In the Fredericksburg Expo Center on Wednesday morning, Chancellor Middle School eighth-grader Caroline Hein used a stethoscope to listen to a pair of artificial lungs.
As an instructor from Germanna Community College’s nursing program adjusted settings on her smartphone, Hein got to hear what lungs sound like when they are healthy, asthmatic or infected with pneumonia.
At the same display, Hein could look through the textbooks that Germanna nursing students use and the clipboards they carry during clinicals. She could explore models of organs and dummies used to instruct students in CPR or how to administer a tracheotomy.
Hein was one of more than 5,000 eighth-graders from Spotsylvania, Stafford, Fredericksburg, Caroline and King George counties scheduled to visit the Discover Your Future career readiness event organized by Spotsylvania County Public Schools Wednesday and Thursday. The event brought about 100 local employers and training programs to the Expo Center to give students an opportunity to learn about career options.
“This is amazing,” said Hein, who also planned to visit displays by Mary Washington Healthcare’s cardiac, radiology and physical therapy units. “The medical field is only looking more and more appealing.”
Outside of the health care arena, students attending Discover Your Future could visit displays from the Virginia Department of Transportation, Lockheed Martin, Wegmans, Chick-fil-A, Rappahannock Electric Cooperative, Robert B. Payne, local county governments and police, fire and rescue departments, Marine Corps Community Services, MC Dean and Naval Surface Warfare Center Dahlgren, in addition to many others.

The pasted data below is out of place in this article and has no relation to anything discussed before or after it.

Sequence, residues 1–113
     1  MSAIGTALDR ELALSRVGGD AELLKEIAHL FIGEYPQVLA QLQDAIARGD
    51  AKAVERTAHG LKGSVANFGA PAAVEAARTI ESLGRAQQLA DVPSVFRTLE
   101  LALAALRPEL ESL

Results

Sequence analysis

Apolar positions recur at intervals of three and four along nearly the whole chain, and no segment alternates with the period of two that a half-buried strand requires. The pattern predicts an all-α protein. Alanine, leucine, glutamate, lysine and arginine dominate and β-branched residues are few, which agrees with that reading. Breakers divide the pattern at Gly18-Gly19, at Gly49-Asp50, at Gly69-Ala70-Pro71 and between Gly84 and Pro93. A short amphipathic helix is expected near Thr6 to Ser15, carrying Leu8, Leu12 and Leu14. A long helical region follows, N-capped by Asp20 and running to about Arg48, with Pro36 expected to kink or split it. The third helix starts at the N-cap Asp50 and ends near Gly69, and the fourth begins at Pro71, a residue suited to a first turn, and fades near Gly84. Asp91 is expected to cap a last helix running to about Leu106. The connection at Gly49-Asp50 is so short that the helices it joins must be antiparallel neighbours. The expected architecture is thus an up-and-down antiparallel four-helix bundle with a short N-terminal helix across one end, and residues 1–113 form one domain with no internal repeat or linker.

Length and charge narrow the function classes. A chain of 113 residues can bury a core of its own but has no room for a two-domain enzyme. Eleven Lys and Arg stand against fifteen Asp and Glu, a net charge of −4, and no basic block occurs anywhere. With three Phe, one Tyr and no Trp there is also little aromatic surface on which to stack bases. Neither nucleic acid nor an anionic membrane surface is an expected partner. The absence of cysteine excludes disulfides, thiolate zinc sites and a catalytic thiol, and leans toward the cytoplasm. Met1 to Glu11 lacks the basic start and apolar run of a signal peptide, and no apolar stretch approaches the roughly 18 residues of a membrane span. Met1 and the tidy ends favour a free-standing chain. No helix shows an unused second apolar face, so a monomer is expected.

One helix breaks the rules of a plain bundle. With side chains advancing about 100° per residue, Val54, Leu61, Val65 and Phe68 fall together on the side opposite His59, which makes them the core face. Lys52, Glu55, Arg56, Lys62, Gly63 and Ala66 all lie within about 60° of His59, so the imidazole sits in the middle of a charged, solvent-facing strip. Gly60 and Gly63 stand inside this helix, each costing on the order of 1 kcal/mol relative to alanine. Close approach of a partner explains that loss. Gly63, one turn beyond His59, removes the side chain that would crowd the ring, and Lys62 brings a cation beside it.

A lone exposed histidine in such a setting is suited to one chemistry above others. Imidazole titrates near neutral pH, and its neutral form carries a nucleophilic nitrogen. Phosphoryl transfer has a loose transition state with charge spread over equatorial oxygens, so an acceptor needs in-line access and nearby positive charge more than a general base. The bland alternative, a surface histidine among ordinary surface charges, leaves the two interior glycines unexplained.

Spotsylvania schools spokeswoman Rene Daniels said it is important for eighth-graders to start thinking about possible careers.
“In the spring, they start selecting the coursework for high school,” she said. “There are a lot of different opportunities for them in high school that can lead to different career paths.
“It’s important for us to let these kids know that we want them all to be career-ready, whether they are going to go right from high school to a career or through college first,” she continued. “We want them to be ready for their future.”
Daniels also said the event was meant to show middle school students “what’s out there.”
Many of the organizations present showed students the large range of available jobs within their field.
In addition to clinical jobs, Mary Washington Healthcare’s display gave students information about available careers in the marketing, communications and pastoral care fields.
Students visiting Rappahannock Electrical Cooperative’s display got to spin a wheel to get information about jobs in the meter shop, communications, public relations, customer service or on the lines.
Downtown Fredericksburg’s Wm Mason II Violin Shop showed students how the shop makes its own violins and rosin, but it also displayed a poster listing all the other possible jobs related to music and performance, such as lighting design, music education, music therapy, finance, fundraising and tour management.
“Chances are you won’t be performing live as a career,” said Harrison LeFrois, rental manager at the violin shop. “But there are tons of other careers within music. It’s not limited to just performing.”
The students welcomed exposure to new career ideas.
“I never thought of myself at VDOT,” said Chancellor Middle School student Rowinn Myers after talking with representatives from the department. “But I like how it incorporates maintenance. I’m a perfectionist, so if something isn’t perfect, I work hard to get it that way.”
Later on Wednesday afternoon, Discover Your Future was open to community members as a job fair.
On Thursday, 650 area 11th- and 12th-graders will attend WorkForce Connect, which will hone in on job readiness, Daniels said.
They will attend résumé-building workshops and talk with local employers about how to dress and communicate at work.
There will also be mock job interviews with local employers.
“This is great for our businesses as well, because this is their future workforce,” Daniels said.
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